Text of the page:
Ebenezer, Ghana 2006


When Jason Walls was 13, there was only one thing on his mind – soccer. ‘I played at school, after school, after dinner and, sometimes, even before breakfast. That was not uncommon for boys of my age and at the time I would repeat the same routine day after day.

‘I never give it a second thought. That was until I met Ebenezer in 2006, when he came to the Mercy Ship for reconstructive surgery when we were docked in Ghana. I lived on board the Anastasis with my family. Ebenezer was just a few years younger than me but was just as much of a soccer enthusiast as I was. There was just one problem – his feet were disfigured and he struggled to play.

‘Years before I met him, Ebenezer was running through a field wearing a pair of plastic sandals. What he didn’t know was that charcoal was being burned in that field under a layer of leaves and shrubbery. As he ran over the red-hot embers, the plastic from his footwear melted off, fusing to his skin.

In a panic, Ebenezer attempted to scrape the now boiling molten plastic off his feet, only to have it transferred to his hands causing critical burns. Ebenezer’s hands and fingers eventually healed from the raw wounds, but the scars became rock-hard because there was no medical care accessible. His hands became like useless claws.

Ebenezer came to the Mercy Ship for free surgery. Before his procedure on board, I visited with him. There was not much we could do soccer-wise. We gently passed the ball to each other, but because of his injuries, even this was a challenge. Despite this, Ebenezer insisted on playing.

After his surgery, all he wanted to do was play. He was still bandaged up and couldn’t kick a ball – I’m sure the nurses told him not to go near a soccer field. But that didn’t stop him. As he healed, we got to play more and more. The smile on his face, although impossibly large when even before the surgery, grew every time we kicked the ball around.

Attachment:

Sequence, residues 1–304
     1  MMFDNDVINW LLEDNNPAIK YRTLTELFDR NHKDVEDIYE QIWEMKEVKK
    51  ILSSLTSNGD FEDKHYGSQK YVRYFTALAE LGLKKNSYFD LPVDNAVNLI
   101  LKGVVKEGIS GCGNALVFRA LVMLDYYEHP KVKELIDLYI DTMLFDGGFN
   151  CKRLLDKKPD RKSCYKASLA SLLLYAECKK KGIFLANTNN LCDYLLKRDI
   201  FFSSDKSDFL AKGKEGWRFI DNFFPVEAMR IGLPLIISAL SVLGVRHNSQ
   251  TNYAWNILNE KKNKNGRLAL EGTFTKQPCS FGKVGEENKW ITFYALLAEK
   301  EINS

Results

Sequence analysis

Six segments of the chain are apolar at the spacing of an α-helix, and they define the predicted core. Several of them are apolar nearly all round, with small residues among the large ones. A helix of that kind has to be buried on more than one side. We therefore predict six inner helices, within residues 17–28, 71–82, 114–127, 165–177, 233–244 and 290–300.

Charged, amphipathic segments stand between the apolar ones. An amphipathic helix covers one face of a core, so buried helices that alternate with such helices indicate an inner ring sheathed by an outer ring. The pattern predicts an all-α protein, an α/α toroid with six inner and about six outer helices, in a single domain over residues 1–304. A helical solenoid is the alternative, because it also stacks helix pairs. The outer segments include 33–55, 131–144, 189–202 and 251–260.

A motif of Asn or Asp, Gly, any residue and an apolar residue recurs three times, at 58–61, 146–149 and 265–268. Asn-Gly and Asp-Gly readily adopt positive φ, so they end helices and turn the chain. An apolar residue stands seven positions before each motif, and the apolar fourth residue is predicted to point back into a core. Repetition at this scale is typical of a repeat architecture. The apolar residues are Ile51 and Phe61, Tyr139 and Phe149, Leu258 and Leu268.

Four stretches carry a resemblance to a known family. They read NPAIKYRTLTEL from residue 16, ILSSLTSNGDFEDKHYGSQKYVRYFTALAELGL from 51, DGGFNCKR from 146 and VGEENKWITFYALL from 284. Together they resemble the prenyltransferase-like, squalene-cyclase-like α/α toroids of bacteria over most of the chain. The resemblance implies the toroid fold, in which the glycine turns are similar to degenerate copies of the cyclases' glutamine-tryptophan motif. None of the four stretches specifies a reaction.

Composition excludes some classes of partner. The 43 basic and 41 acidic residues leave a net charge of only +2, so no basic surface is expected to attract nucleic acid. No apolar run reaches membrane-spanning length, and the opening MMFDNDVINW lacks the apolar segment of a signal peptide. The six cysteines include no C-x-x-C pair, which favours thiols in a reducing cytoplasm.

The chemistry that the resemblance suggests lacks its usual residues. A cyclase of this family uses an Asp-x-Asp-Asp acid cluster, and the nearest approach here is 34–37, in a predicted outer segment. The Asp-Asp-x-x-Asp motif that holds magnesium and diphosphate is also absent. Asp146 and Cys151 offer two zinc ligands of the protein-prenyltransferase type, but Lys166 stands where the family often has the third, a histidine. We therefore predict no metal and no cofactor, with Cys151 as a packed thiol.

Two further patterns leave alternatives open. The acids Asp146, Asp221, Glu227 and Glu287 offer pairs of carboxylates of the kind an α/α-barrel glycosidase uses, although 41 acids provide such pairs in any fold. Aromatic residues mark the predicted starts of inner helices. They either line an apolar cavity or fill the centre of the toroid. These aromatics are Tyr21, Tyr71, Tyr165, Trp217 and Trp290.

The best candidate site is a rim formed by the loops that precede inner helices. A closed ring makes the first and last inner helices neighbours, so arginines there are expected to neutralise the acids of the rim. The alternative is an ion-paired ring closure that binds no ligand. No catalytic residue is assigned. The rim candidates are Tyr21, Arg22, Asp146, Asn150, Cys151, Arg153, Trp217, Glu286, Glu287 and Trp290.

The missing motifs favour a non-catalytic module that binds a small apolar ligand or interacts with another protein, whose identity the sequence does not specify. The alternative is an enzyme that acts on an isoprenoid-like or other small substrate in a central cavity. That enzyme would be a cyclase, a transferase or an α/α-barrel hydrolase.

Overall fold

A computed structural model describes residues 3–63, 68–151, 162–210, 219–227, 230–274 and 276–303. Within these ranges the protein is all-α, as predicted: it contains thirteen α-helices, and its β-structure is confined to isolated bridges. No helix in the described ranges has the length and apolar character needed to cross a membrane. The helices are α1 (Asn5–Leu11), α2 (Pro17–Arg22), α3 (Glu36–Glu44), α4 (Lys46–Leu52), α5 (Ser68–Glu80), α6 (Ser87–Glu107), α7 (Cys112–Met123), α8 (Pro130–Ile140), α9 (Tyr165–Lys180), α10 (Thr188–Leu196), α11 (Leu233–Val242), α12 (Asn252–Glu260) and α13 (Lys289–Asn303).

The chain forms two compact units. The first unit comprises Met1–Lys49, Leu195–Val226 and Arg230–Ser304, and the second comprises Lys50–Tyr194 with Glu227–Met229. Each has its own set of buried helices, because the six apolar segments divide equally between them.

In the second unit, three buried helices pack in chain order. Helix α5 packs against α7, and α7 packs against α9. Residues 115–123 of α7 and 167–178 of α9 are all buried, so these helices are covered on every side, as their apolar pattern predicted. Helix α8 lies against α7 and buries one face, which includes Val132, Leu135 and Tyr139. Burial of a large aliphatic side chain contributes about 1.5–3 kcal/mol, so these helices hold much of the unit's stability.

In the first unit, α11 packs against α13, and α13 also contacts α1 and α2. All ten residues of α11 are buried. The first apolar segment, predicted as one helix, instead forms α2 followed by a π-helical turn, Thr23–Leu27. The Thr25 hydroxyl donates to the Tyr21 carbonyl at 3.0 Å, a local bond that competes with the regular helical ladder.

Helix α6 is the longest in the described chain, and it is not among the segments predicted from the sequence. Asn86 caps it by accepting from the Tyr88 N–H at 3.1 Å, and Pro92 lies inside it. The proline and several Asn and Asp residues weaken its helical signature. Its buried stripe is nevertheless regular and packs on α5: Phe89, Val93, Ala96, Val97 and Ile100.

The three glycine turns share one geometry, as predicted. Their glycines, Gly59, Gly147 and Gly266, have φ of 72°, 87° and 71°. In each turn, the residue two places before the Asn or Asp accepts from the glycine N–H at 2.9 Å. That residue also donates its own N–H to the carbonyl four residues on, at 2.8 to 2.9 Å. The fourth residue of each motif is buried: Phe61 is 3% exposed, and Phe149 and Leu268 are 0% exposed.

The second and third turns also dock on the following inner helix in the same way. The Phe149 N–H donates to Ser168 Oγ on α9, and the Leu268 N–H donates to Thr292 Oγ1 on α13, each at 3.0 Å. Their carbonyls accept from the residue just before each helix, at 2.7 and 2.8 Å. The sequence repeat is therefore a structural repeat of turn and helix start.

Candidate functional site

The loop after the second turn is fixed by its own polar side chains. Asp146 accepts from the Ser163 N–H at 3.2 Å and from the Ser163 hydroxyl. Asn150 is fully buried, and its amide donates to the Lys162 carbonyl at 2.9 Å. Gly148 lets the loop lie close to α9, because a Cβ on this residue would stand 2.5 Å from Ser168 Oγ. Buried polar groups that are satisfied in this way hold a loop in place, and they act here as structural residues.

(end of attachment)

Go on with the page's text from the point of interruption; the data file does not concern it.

‘It was amazing to see someone’s life transformed so dramatically. To see something that held Ebenezer back so badly, suddenly gone. As well as being quite young, he did not speak English so he might not have understood all that was going on. But it was clear to me that his life would never be the same again.

Maybe one day, we’ll get to have a re-match – although I don’t rate my chances.’ 

Skin grafts released Ebenezer’s hands and feet, and he received physiotherapy to help him regain his long-forgotten fine motor skills. His mother was so impressed she decided the vessel and crew must be heaven-sent. ‘I believe the nurses and doctors are little angels dropped from heaven just for my Ebenezer to get a chance at living again. My boy is alive, he smiles and I see the light in his eyes,’ she exclaimed.


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